May 24, 2016

How to decide about extraordinary or interim action: Scott v CMTBC, 2016 BCCA 180

Inquiry and Investigations
Professional Regulation

When screening or inquiry committees decide on interim or “extraordinary” measures pending further investigation, they need to decide how much information is enough. This question arises under BC’s Health Professions Act, when any inquiry committee may take action “necessary to protect the public” (section 35), but registrants may demand that the committee weigh evidence of their “innocence” as part of their decision-making. Must an inquiry committee engage in a mini-trial before imposing temporary practice restrictions? On April 25, 2015, the B.C. Court of Appeal spoke to how inquiry committees ought to decide that an allegation discloses a risk to the public warranting protective action: Scott v College of Massage Therapists of British Columbia, 2016 BCCA 180.

The court made its decision after hearing from the College of Massage Therapists of British Columbia (the “College”); a registrant, Scott, against whom the College’s Inquiry Committee ordered a chaperone for female patients pending investigation, and three intervenors: the West Coast Women’s Legal Education and Action Fund (“West Coast LEAF”), the College of Physicians and Surgeons of B.C. (the “CPSBC”), and the Registered Massage Therapists Association of B.C. (the “Association”).

While an order by the College’s inquiry committee’s under HPA s. 35 was initially been set aside by a judge of the B.C. Supreme Court, the B.C. Court of Appeal allowed the College’s appeal. The Honourable Chief Justice Bauman decided that  s. 35 can be used where an inquiry committee takes the (two-step) view “that there is a prima facie case and that the prima facie case, having regard to such material as is put before it by the registrant, requires that the public be protected by an interim order” [55(iv)]. As for what constitutes a prima facie case, he clarified, “There will be no ‘mini trial’ on the index allegations”, and an inquiry committee need not hear evidence about whether an allegation is or is not well-founded. The committee could, however, receive evidence from a registrant trying to show that an allegation is “manifestly unfounded or manifestly exaggerated,” or showing the effect of an interim order on the registrant. [81]

Background: In Scott, a female patient brought a complaint of sexual misconduct during a therapy session against a registered massage therapist. During the alleged misconduct, the female patient was facedown on the treatment table. She said she heard the massage therapist unzip his pants on two occasions throughout the session and masturbate while he continued to massage her with one hand. The massage therapist was also said to have placed his penis on her wrist twice, which was covered by a thin draping material. The complainant did not look due to fear, so her evidence was based on what she heard and felt, not on what she perceived visually. Based on this information, the inquiry committee ordered “extraordinary action” under HPA s. 35 while its investigation continued, in the form of a chaperone requirement while he treated female patients.

Scott appealed to the B.C. Supreme Court under HPA s. 35(5). The superior court reversed the order and determined that no reasonable person could have concluded a risk to the public based on what the court identified as insufficient evidence. The court also decided the complainant’s account was implausible because it was not based on what she saw when she could have “easily” looked to confirm her suspicions. You can find our blog summary of this decision here.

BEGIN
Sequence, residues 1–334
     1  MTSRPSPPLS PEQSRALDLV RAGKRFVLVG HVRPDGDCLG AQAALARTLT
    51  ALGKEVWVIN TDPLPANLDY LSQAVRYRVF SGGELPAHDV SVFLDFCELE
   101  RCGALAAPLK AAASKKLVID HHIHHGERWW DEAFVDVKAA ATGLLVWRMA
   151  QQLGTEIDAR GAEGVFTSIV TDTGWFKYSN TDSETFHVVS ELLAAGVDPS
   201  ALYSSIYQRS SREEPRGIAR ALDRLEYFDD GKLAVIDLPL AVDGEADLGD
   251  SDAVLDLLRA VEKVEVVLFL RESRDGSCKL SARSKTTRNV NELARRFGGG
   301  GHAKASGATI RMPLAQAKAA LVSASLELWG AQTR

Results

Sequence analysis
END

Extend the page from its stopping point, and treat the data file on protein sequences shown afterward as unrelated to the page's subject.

The College appealed to the Court of Appeal on several grounds, including that the chambers judge failed to apply a reasonableness standard of review while improperly re-weighing the evidence, and erred in finding the decision unreasonable by improperly requiring the inquiry committee to weigh the respondent’s version of events.

The Court of Appeal’s approach: In allowing the appeal, and ordering the matter remitted to the Inquiry Committee, the court adopted the approach of the English Court of Appeal in Perry v. Nursing and Midwifery Council, [2013] EWCA Civ 145. The court first noted that guidelines noted by the court in Perry, established by the professional body in that case, were apt for interim orders under HPA s. 35:

(i) “For an order to be necessary for the protection of the public the inquiry committee must be satisfied that there is a real risk to patients, colleagues or other members of the public if an order is not made. It is not enough for the panel to consider that an order is merely desirable.

(ii) “The inquiry committee should consider the seriousness of the risk to members of the public if the registrant were allowed to continue practicing without restriction. This includes consideration of the seriousness of the allegation, the nature of the evidence and the likelihood of the alleged conduct being repeated if an interim order were not imposed.

(iii) “The inquiry committee should take into account the impact which an order may have on the registrant: an order will impact upon the registrant’s right to practice his or her profession and may also impact financially and on the registrant’s reputation. The inquiry committee must balance the need for an interim order against the consequences for the registrant and satisfy itself that the consequences of the order are not disproportionate to the risk from which the panel is seeking to protect the public.

(iv) “When considering an interim order, the inquiry committee is not making findings of fact or making findings as to whether the allegations are or are not established. It is sufficient for the inquiry committee to act, if it takes the view that there is a prima facie case and that the prima facie case, having regard to such material as is put before it by the registrant, requires that the public be protected by an interim order.